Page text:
Old + New = Custom-Made Character

While we are huge fans of everything from 1920s to Mid Century, we also have a deep appreciation for new architecture, especially when seamlessly integrated with the original bones and character of an older home. Building a contemporary addition to an older house not only gives it an exciting facelift, but it can also create extra space and square footage while adding one-of-a-kind character to your abode.

While a hefty dose of imagination is required (as well as a highly qualified architect!), owners of traditional homes who want to expand or add on face unique challenges in integrating the old and new in a tasteful, functional way that makes sense. Eighteenth-century homes didn’t feature sparkling floor-to-ceiling glass. Families in the 1930s wouldn’t dream of cooking or eating al fresco. Original occupants of artsy bungalows didn’t prioritize living in light-filled homes with a swimming pool. And in the 1970s, big-screen TVs weren’t a consideration in the design process.

The bottom line? Building structures have changed over time, as have our needs and lifestyles. So many homes built in decades past often ignore the things we crave from modern living. Making your own mark with a contemporary addition while respecting what’s already there is a one-way ticket to custom-made character.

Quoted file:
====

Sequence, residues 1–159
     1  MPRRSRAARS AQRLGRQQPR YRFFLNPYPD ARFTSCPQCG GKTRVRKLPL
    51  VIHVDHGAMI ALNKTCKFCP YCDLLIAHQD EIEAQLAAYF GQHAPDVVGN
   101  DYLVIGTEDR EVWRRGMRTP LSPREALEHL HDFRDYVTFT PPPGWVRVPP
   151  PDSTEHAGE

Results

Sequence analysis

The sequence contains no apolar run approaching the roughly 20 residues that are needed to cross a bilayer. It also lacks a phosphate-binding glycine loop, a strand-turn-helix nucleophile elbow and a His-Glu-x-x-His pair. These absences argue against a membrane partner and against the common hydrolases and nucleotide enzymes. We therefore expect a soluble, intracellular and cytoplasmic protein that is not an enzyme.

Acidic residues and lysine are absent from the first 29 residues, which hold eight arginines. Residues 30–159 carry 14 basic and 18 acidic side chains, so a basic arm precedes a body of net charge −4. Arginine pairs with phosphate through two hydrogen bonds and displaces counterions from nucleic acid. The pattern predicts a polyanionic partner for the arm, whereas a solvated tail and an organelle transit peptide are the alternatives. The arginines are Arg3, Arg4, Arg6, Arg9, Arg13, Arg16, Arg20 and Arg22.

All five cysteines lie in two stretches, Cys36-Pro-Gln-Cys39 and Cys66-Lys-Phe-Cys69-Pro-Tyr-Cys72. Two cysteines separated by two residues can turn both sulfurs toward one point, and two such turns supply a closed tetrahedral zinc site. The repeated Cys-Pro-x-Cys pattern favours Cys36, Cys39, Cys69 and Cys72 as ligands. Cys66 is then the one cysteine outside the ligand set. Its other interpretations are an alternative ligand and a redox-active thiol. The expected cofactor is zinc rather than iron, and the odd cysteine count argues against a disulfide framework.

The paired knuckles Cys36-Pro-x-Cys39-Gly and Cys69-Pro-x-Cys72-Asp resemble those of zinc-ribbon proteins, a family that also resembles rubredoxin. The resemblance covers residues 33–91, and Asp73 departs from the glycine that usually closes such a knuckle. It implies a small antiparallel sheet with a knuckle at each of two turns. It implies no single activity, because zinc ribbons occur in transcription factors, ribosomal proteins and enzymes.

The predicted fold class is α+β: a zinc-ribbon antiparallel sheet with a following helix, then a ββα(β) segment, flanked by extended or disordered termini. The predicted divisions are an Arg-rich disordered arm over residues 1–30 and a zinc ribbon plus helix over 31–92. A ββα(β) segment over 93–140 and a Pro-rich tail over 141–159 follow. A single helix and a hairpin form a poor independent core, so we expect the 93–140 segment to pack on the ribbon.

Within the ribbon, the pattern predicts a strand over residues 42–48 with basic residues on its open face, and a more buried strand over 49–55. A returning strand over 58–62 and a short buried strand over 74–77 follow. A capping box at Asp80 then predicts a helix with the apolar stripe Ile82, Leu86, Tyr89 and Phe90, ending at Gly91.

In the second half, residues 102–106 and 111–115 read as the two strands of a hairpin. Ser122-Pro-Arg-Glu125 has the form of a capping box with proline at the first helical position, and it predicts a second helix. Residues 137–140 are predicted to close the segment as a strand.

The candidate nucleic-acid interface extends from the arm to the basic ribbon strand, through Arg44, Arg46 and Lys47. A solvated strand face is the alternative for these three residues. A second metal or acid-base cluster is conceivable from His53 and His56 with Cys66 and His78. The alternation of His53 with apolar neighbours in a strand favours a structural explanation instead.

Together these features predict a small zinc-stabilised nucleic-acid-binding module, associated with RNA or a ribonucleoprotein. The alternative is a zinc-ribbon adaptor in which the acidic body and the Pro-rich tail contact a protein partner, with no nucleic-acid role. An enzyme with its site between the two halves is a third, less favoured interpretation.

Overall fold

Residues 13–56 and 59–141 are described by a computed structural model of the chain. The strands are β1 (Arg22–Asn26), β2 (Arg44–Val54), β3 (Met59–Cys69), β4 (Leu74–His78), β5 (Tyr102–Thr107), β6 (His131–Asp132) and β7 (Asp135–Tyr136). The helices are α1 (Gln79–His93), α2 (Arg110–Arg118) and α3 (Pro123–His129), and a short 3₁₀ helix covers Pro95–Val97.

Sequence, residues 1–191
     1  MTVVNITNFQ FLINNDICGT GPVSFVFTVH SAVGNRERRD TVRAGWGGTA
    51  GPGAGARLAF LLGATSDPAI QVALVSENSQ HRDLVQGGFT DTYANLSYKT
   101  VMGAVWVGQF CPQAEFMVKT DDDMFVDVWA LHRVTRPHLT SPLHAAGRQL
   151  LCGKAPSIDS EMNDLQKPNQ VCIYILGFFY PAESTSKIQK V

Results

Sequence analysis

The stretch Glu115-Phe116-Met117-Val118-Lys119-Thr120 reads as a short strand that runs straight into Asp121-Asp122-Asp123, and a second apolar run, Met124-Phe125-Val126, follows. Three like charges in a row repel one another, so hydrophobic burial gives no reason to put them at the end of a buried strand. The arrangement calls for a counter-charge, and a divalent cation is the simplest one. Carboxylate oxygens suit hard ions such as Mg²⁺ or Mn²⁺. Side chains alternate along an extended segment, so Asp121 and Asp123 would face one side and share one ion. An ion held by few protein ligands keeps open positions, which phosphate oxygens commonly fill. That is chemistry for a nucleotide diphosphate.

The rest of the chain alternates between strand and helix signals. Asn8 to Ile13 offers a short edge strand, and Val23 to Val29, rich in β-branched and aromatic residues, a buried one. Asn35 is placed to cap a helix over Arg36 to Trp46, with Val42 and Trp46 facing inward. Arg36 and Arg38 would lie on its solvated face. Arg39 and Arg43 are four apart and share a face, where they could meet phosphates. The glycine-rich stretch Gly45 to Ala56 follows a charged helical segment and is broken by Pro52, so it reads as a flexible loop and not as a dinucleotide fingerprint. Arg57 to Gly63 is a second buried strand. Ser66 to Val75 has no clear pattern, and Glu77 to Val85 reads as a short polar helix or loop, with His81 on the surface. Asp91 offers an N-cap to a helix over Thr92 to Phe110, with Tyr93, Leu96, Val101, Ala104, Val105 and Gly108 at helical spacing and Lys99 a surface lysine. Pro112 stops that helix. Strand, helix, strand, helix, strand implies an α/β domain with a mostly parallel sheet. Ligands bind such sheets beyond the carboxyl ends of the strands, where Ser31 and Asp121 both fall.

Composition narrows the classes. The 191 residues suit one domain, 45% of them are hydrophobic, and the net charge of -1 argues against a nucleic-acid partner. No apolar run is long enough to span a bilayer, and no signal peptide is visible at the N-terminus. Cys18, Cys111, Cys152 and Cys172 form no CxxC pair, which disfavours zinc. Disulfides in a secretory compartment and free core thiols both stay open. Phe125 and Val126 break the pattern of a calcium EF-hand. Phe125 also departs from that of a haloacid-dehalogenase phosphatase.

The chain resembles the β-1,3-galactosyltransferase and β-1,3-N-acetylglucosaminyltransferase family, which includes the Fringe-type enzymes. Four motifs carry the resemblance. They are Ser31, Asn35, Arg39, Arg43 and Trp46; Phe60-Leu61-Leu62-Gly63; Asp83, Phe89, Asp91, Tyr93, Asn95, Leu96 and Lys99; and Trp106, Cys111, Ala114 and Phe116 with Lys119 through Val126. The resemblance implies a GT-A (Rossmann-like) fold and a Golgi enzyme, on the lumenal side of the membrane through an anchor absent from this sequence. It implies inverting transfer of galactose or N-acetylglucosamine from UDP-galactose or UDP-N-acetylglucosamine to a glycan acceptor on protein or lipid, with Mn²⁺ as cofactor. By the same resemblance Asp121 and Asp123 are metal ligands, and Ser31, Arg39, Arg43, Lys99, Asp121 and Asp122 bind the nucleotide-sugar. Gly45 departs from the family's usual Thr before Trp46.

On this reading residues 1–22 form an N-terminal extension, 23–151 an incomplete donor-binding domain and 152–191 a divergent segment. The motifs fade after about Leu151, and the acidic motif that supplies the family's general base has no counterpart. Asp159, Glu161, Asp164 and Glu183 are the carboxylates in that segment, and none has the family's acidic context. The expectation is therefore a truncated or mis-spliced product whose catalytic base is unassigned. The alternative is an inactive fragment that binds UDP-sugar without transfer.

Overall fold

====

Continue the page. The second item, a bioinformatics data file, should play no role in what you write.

Go gaga over the old + new homes we’ve rounded up below featuring modern home additions that transform the traditional to the unique so your home, like you, can stand out from the rest.

“Architect Gregory Phillips connected the original house to a new modern extension that doesn’t interfere with the surrounding houses. ‘I try to be true to the location,’ he explains, ‘so it doesn’t seem like some spaceship has landed.'” – Dwell
“Today the house looks rather different: a striking contrast between the original 1780s cottage and a large timber-framed addition whose tin cladding and banks of glass give the effect of a semitransparent shed opening up to the landscape. The extension not only succeeds in creating a working home for a family of five, but compellingly combines the old stone cottage with the contemporary belvedere.” – Dwell
“Though the front of this 1880s home in Adelaide, Australia, maintains a traditional facade due to strict heritage laws, the rear is modern eye candy at its best.” – Dwell